- It always helps to look approachable and be charming. Over time, it will get easier for you to start a conversation with a stranger.
- Start small. Don’t sign up for 12 meetings in one month. A sustained effort over the long run is better than making a one-time big effort and then burning out. Remember that networking requires maintenance, so don’t bite off more than you can chew.
- Use every Internet tool at your disposal to build your social network in real life. Instant messaging applications, for instance, are sometimes better than phone calls. Internet is very useful to meet and keep contact with a very large amount of people worldwide.
- You can make great contacts with politicians and their aides by volunteering in an election or being involved with their party outside of election time.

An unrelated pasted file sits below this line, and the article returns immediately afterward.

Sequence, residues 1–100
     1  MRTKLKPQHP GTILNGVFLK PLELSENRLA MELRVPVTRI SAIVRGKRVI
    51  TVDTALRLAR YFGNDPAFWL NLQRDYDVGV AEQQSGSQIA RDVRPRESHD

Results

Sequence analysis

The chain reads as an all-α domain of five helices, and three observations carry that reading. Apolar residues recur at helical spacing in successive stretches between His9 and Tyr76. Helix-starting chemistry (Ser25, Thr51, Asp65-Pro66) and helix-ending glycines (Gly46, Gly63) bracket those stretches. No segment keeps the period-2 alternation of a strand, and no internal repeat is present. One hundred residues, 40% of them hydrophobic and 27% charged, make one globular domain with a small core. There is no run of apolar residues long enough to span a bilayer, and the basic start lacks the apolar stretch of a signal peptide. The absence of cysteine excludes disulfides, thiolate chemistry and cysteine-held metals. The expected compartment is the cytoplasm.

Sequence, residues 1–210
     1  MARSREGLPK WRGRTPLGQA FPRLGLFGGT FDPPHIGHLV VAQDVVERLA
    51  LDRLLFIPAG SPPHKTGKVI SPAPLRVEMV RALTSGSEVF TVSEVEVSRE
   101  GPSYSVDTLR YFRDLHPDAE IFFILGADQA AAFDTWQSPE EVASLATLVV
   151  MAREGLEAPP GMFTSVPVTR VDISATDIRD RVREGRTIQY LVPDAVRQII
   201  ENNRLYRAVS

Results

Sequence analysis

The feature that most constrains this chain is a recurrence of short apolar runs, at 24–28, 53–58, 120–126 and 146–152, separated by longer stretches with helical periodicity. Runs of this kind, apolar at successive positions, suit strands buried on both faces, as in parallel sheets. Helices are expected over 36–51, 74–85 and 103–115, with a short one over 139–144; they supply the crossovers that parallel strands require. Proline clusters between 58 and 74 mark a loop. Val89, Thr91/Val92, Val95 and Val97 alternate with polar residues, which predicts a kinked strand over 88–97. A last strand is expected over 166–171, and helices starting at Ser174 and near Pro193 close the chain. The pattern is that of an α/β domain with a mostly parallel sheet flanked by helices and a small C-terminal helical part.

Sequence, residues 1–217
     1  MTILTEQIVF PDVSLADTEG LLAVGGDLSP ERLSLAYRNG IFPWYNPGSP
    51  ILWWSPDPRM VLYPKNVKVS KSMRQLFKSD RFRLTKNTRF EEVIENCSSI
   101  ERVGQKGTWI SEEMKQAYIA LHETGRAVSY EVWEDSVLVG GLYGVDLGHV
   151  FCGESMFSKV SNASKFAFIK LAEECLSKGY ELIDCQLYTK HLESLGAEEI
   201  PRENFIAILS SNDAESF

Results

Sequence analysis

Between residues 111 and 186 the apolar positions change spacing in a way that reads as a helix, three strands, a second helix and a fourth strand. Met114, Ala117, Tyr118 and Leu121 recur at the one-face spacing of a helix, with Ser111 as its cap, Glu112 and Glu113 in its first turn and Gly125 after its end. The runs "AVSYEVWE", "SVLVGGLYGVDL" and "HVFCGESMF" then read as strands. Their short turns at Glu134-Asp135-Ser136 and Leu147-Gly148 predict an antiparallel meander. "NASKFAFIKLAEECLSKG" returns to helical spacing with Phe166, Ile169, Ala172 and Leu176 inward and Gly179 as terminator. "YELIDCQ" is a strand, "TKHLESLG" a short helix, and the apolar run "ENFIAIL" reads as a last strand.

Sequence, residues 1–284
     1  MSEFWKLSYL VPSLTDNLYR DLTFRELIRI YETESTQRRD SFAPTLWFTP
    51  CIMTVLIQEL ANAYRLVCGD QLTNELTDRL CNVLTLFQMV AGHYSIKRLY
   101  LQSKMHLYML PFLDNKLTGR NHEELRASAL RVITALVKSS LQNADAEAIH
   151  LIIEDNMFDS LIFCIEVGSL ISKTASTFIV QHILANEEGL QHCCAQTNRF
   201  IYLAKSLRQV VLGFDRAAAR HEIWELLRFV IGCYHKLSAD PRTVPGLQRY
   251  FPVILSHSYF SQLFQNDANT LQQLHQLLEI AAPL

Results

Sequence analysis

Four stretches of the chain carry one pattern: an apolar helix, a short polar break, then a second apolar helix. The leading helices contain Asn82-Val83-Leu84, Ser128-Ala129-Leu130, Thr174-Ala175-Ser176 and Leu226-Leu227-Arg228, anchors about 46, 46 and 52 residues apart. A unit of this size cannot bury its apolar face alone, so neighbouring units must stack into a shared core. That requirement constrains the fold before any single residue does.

- Can’t find a local club or group that’s related to your interests or career? Start one!
- Watch out for parasites – people who’ll pump you for favors and never try to help you in return. When you find one attached to you (and if you’re generous, you will) turn them down as politely as you can: “No, I’m sorry, I can’t do that tomorrow. I’ve got plans.” If they try to make you feel guilty, feign an excuse to get out of the conversation and make yourself scarce to them. Don’t lose your temper or act cold because that’ll give them something negative to say about you when they’re talking to others, like “Oh, yes I know James, he once called me a leech…” – don’t let this happen to you.